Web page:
Drunken driving test. Credit: Nikamo via Shutterstock

House leaders said Wednesday they did not expect to take action this year on a proposal to make Connecticut’s drunken-driving limit among the strictest in the county by lowering the blood alcohol threshold for intoxication from .08 to .05.

The bill, which advanced out of the Transportation Committee in March, would put Connecticut in the company of only Utah where the state legislature lowered the blood alcohol limit for driving to .05 in 2018. 

The proposal is currently awaiting action on the Senate calendar, however, House leaders were asked Wednesday whether it would be in contention during the remaining weeks of the session as lawmakers face a June 7 deadline to pass bills.  

“I don’t think it will pass and we haven’t talked about it,” House Speaker Matt Ritter said. “I think it was a conversation starter.”

a green button that says support and red button that says oppose

The speaker’s comments came on the eve of a scheduled press conference by Transportation Committee co-chair, Sen. Christine Cohen, D-Guilford, who invited members of Mothers Against Drunken Driving and the National Transportation Safety Board to help build support for the bill. 

In an interview Wednesday, Cohen said the bill was one of several policies under consideration to curb an increasing number of automobile crashes on state roads and highways. 

“Crash data is on the rise in Connecticut, which is awful, and there’s really compelling data telling us that lowering the BAC could remedy some of this,” she said. 

The proposal, which has the support of Gov. Ned Lamont, came from the state Department of Transportation. In February, DOT Commissioner Garrett Eucalitto told a legislative committee that Connecticut ranked third in the nation for the percent of crash fatalities that were caused by drunken drivers.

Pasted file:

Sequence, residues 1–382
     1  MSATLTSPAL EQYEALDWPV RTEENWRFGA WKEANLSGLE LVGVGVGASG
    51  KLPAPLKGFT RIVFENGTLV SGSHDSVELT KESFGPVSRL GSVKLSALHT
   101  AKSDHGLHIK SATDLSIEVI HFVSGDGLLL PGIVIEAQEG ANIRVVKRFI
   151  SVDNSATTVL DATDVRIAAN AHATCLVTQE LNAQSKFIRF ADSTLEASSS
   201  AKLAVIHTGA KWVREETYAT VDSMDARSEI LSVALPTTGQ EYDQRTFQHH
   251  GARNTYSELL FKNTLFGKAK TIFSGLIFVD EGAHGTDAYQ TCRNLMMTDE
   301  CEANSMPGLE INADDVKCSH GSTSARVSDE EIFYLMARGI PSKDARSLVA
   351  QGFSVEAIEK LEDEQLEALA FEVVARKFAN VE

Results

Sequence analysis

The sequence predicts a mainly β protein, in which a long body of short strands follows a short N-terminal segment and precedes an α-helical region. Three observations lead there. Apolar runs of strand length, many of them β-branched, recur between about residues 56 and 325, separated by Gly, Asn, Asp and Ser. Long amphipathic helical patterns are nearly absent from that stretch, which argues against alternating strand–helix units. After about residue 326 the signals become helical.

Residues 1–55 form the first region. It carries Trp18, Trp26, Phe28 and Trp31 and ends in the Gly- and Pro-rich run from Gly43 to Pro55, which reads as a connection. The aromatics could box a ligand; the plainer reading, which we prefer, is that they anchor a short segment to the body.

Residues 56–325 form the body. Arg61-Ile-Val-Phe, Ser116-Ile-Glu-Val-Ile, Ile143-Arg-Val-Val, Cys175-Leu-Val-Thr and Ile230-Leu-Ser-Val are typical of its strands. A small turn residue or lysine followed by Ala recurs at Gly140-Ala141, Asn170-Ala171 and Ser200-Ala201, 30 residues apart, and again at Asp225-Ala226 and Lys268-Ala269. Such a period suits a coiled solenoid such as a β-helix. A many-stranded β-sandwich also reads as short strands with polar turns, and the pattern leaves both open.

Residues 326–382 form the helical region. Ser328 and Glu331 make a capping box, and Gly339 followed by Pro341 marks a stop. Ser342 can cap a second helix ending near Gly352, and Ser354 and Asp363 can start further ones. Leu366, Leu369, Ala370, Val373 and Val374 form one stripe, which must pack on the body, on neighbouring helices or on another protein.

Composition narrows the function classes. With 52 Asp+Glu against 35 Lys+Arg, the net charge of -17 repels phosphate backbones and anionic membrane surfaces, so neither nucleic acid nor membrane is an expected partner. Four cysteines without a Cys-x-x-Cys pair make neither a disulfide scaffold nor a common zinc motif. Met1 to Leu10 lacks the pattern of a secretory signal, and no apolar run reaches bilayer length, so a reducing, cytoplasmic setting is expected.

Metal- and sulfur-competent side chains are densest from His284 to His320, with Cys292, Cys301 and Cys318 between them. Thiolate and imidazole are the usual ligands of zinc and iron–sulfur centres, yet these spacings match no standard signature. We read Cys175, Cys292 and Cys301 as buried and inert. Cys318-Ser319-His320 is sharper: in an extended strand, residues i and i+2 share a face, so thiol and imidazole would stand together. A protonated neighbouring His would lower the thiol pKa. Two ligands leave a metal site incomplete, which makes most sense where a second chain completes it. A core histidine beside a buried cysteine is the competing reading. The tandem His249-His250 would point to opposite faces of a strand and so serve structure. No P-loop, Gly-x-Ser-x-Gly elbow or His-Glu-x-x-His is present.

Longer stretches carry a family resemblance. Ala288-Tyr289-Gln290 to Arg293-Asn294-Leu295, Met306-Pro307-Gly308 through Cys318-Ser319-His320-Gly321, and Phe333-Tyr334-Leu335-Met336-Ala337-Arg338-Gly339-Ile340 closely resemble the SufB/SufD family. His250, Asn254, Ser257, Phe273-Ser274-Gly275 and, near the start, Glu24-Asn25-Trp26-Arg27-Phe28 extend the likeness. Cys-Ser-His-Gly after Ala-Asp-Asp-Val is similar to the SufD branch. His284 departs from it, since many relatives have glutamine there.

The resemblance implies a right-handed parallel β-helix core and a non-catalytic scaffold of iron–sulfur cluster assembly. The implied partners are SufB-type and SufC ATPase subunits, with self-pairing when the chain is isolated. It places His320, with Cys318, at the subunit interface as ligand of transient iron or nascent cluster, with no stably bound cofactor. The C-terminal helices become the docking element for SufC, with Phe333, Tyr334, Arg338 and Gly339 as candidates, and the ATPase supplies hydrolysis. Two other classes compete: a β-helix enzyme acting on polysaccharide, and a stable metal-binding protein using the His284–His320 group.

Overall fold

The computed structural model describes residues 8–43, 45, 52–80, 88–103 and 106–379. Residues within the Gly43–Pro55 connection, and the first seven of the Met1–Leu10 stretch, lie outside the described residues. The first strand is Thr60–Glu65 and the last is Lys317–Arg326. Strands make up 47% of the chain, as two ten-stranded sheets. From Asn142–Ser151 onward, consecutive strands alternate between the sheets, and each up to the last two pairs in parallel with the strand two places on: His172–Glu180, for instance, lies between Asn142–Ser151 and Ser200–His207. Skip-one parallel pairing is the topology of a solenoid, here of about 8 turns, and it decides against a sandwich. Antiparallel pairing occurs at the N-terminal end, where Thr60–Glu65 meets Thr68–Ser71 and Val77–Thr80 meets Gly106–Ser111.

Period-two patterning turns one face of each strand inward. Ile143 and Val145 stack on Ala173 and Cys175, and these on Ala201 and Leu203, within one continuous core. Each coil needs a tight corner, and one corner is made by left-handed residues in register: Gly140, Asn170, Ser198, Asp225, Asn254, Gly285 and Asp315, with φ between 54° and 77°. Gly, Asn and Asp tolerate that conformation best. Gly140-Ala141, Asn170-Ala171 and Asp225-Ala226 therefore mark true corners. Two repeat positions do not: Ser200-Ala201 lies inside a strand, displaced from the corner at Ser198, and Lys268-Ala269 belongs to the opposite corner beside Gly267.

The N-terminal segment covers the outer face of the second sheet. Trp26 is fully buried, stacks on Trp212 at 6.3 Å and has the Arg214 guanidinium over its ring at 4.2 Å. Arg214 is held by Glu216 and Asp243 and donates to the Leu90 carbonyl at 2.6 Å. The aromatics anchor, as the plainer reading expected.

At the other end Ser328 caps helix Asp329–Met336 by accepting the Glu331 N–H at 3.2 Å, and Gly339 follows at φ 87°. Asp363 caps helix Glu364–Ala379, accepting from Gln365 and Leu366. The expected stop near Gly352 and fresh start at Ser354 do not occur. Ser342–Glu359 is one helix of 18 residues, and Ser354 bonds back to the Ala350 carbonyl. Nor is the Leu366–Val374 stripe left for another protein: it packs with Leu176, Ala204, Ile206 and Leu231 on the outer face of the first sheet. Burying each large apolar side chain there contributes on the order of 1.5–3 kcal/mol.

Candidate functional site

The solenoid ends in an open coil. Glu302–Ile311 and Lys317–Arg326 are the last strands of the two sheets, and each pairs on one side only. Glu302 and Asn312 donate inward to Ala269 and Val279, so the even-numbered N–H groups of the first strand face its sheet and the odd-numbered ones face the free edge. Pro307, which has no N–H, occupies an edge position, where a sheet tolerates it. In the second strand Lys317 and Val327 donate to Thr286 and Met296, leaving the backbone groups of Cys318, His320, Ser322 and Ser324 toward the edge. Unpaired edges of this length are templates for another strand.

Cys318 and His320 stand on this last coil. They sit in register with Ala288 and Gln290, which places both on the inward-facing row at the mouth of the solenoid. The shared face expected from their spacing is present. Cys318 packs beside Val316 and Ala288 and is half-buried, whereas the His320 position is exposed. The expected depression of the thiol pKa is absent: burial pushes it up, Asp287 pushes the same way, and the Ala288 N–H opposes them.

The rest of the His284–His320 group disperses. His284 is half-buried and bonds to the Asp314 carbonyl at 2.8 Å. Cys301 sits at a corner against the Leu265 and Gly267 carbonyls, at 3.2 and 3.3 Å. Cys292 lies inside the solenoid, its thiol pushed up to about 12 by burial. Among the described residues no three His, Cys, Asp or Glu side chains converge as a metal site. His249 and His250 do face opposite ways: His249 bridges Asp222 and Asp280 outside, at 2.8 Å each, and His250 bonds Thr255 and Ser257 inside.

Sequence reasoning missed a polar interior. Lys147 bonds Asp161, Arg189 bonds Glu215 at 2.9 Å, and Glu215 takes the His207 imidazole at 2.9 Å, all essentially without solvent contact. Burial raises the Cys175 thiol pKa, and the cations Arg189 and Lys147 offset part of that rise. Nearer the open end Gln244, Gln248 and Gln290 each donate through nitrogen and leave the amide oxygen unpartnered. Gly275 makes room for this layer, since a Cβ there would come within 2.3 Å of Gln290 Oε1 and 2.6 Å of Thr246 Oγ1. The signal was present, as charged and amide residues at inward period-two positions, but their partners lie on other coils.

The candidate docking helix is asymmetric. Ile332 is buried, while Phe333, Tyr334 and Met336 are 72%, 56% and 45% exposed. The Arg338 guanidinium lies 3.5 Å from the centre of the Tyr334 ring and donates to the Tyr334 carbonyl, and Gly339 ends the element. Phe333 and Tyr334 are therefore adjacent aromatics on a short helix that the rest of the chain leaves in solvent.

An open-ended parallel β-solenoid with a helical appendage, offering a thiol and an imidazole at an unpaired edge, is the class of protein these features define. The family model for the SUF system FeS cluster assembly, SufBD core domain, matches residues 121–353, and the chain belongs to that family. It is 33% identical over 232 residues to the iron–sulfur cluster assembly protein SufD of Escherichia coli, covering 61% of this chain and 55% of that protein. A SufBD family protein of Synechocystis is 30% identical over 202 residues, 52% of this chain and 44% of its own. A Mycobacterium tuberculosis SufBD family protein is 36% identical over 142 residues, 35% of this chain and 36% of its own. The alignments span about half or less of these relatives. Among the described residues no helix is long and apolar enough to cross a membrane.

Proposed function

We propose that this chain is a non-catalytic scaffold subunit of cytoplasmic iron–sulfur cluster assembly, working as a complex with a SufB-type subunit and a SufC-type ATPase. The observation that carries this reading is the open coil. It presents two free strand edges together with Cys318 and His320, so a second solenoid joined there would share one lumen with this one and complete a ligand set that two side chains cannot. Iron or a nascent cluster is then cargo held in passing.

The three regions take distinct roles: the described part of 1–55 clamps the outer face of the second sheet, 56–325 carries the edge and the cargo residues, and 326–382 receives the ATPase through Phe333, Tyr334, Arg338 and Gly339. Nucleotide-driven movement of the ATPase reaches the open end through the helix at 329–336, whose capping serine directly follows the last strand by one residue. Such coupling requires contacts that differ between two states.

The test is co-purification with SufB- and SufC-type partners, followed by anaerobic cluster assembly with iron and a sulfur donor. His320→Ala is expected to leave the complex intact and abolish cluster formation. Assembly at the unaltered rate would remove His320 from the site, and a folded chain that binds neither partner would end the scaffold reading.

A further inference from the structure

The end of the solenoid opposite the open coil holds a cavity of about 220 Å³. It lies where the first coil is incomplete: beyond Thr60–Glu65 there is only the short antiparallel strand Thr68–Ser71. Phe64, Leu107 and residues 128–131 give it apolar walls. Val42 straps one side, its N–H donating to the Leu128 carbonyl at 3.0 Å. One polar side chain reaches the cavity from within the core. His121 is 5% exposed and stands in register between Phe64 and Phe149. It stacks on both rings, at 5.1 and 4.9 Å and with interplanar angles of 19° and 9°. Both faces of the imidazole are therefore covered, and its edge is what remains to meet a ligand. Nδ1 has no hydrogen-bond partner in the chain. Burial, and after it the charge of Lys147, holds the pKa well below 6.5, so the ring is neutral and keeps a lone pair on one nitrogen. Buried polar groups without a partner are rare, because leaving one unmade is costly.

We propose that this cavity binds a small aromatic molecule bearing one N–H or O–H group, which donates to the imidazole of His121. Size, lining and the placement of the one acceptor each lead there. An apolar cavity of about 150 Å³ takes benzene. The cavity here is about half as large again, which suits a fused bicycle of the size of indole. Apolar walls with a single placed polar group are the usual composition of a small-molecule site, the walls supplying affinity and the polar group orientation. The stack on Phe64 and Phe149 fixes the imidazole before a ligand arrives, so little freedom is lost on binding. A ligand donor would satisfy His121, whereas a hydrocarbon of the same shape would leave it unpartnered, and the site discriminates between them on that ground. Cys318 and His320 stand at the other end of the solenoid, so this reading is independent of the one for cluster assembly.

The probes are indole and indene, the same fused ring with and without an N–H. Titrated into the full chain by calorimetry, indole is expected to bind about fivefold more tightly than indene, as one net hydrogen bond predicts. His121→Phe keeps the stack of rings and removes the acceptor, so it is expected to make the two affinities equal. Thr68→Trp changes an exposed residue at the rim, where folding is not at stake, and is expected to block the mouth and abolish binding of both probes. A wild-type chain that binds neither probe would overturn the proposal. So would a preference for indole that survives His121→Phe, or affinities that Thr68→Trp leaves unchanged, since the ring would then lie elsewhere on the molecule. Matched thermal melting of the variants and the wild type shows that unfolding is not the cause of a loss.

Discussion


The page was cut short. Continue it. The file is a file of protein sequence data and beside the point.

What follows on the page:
“To be frank, Connecticut has a drunk driving problem,” Eucalitto said. “We’re one of the worst-offending states in the nation… This is unacceptable. What we’ve been doing is no longer working and it’s time for us to do everything in our power to change the behavior of Connecticut’s drivers.”

On Wednesday, Rep. Roland Lemar, a New Haven Democrat who co-chairs the Transportation Committee, said his panel drafted the bill after members were swayed by Eucalitto’s testimony. 

Even if the proposal lacked adequate support to pass this year, Lemar said he believed Connecticut and likely the rest of the country would lower blood alcohol limits below the traditional .08 in the near future.

“I do think we’ve set the stage and, frankly, I do think the nation is going to be there. Our country will be at .05 in the next five to 10 years,” Lemar said. “This is where the science says we should be and it’s responsive to what we’re seeing in our state.”

Policymakers are also eying emerging technology designed to enable vehicles to sense the blood alcohol levels of their drivers and prevent them from driving if they are over the legal limit. Ritter said he expected the technology was just four or five years away from availability. 

“That’s the ultimate game-changer when you can’t even start your car,” he said. “But I think in the meantime, whether you would go to .05 like Utah, I don’t know.”

Utah has experienced a nearly 20% drop in fatal car wrecks since implementing the law, Cohen said. Connecticut can not afford to wait until new technology becomes available, she said.

“There are so many ways to go out and have a good time and enjoy our favorite restaurants and bars. Have a couple drinks then hop in an Uber or a Lyft or have a designated driver or hop on our public transportation system,” she said. “I think this is really going to require a culture shift. We’re trying to get people to think differently about getting behind the wheel once they’ve been drinking.”